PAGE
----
Having failed to make contact by letter or phone, Sir Sigmund went personally to the convent with a Polish interpreter, and knocked on the door. Eventually the grill slid back and a pair of eyes peered out. He explained what he wanted to talk to them about, and the grill was slammed shut. He tried again, with much the same result. In a moment of inspiration, he took out a photograph of himself in the full regalia of a papal knight, standing next to a beaming Pope John Paul II, and posted it under the door. There was a long silence, broken by the sound of the locks being pulled back, and the door was opened. To cut a long story short, the convent no longer stands where it did.
One answer to Prince Charles, I think, is that Catholics have their own aristocracy, their bishops, and indeed their own monarch, in a purely spiritual sense, namely the Pope. And a monarch is a fount of honour – hence Ben Andradi’s KSG. I think this may tell us that while Catholics have fully accepted the sovereignty of the British monarchy in a secular sense, they have not quite done so in the spiritual sphere. And the British monarchy, in turn, may well regard service to the Church of England as service to itself, for the Queen is its Supreme Governor. Hence such service is rightly deserving of honour.
But service to the Catholic Church is service to a private institution with no legal status, except that any British monarch who tried to join it would be instantly forced, by law, to abdicate. It sounds like a trivial matter, as neither Prince Charles nor indeed his mother have ever been so inclined as far as anyone knows. But it erects an invisible wall between Prince Charles and the Catholic community. Catholics know the law would allow him to convert to Islam or Judaism if he so wished, or become patron of the National Secular Society, but there is evidently something so objectionable about Catholicism that he cannot be allowed to be tainted by it.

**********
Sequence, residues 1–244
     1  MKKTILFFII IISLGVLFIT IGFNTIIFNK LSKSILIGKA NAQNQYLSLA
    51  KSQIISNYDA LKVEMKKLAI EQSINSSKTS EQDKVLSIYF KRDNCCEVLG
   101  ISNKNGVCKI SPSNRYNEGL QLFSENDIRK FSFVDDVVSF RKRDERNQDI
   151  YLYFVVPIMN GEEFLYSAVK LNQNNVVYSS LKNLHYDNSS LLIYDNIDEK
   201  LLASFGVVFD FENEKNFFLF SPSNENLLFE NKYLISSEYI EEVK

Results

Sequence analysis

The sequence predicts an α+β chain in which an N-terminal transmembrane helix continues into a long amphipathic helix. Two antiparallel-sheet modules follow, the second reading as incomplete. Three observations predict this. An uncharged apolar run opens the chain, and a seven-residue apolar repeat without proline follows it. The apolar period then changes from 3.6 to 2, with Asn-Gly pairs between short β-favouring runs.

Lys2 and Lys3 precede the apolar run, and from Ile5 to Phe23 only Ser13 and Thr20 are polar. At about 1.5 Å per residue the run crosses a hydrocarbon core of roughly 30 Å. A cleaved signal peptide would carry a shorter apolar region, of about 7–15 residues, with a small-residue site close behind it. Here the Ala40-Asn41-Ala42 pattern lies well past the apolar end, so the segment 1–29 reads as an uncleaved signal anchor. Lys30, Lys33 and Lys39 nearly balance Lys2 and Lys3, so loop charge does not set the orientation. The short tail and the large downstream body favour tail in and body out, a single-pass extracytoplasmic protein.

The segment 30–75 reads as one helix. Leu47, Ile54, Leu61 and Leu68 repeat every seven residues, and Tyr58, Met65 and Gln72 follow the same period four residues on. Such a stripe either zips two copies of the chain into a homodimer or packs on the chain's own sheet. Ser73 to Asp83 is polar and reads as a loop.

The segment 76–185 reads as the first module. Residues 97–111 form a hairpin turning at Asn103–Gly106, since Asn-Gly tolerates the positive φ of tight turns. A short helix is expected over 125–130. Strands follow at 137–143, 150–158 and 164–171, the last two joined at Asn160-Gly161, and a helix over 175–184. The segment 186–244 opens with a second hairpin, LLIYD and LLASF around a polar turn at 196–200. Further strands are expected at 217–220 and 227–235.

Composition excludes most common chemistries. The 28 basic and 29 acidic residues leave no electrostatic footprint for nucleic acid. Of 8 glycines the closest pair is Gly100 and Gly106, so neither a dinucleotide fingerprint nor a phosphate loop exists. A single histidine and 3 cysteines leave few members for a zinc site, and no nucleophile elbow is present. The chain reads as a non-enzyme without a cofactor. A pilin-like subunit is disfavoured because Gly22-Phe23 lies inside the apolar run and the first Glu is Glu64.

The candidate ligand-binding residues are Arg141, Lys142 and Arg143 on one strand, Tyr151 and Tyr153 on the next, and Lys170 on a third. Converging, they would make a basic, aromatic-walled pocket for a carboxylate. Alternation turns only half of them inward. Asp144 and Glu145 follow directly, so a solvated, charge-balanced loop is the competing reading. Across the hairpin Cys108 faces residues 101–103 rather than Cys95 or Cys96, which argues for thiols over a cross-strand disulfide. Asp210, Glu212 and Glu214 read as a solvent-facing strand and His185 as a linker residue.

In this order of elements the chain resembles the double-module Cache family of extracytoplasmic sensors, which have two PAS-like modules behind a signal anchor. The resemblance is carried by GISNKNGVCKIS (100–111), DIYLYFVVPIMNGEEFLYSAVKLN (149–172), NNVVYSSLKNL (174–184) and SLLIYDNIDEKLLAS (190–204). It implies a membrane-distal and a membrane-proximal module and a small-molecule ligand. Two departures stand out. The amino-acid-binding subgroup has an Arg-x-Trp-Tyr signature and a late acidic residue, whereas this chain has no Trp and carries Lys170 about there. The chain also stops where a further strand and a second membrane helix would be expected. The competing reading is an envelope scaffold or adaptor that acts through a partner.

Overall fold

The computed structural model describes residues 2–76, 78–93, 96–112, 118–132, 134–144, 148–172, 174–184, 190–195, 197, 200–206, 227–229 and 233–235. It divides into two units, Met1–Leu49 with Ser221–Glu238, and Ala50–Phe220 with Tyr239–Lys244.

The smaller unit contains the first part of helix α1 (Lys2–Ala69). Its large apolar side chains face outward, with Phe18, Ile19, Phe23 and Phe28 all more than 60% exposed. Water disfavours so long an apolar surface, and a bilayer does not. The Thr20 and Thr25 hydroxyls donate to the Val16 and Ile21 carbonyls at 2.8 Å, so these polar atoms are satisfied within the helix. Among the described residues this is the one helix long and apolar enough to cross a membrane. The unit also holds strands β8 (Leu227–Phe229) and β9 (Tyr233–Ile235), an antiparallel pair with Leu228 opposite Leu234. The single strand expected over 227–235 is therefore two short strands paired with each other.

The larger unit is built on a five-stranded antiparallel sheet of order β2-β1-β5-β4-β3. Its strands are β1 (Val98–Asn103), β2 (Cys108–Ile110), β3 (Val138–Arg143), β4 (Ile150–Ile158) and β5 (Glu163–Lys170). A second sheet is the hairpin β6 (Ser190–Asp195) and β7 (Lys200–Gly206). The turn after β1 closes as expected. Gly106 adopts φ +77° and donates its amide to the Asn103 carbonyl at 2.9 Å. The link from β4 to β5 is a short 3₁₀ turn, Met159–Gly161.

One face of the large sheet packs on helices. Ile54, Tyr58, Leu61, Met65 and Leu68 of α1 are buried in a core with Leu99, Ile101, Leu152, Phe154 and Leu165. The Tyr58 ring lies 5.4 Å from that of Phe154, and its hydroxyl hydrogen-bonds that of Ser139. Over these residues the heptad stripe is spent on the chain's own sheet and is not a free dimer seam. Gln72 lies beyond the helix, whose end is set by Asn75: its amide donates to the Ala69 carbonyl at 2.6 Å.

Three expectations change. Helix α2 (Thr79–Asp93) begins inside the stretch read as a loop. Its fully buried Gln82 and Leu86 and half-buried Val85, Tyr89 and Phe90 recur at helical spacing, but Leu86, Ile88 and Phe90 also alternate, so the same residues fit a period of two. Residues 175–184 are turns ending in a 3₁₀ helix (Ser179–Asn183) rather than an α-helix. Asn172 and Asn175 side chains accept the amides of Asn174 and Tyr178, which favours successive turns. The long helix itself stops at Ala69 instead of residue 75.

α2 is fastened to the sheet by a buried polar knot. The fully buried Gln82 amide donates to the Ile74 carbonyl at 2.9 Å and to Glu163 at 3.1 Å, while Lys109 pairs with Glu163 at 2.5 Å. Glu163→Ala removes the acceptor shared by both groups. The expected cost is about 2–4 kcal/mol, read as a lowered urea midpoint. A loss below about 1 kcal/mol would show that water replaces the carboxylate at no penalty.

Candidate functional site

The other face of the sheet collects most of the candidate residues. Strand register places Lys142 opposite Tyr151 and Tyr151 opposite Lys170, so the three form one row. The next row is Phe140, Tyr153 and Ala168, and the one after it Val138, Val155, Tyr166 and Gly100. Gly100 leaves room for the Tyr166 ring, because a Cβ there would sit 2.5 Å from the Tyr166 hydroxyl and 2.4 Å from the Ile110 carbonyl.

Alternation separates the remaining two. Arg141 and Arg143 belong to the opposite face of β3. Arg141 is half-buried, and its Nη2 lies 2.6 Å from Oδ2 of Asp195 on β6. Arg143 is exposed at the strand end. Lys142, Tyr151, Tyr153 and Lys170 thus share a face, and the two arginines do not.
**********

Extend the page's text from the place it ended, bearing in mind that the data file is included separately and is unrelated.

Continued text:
That is not how British royalty actually behaves, and both the Queen and the Prince have been immensely respectful towards the papacy. It is more than 80 years since a Loyal Address on behalf of the Catholic bishops of England and Wales, on the accession of George VI to the throne, was returned as undelivered to Archbishop’s House Westminster with a curt note from a junior Home Office official. That rudeness is now unthinkable.
Cardinal Hume – “my cardinal”, the Queen called him – was eventually awarded the Order of Merit, (OM), the only senior churchman of any denomination to receive such an honour. The Archbishop of Liverpool, the late Derek Worlock, was equally uniquely made a Companion of Honour (CH), which has almost the same status.
Both honours, awarded personally rather than on the say-so of 10 Downing Street, stand far beyond any mere knighthood. But this did not establish a pattern. Catholics are still not routinely honoured by the State for service to their Church. Fortunately, however, they can be honoured by the Pope instead.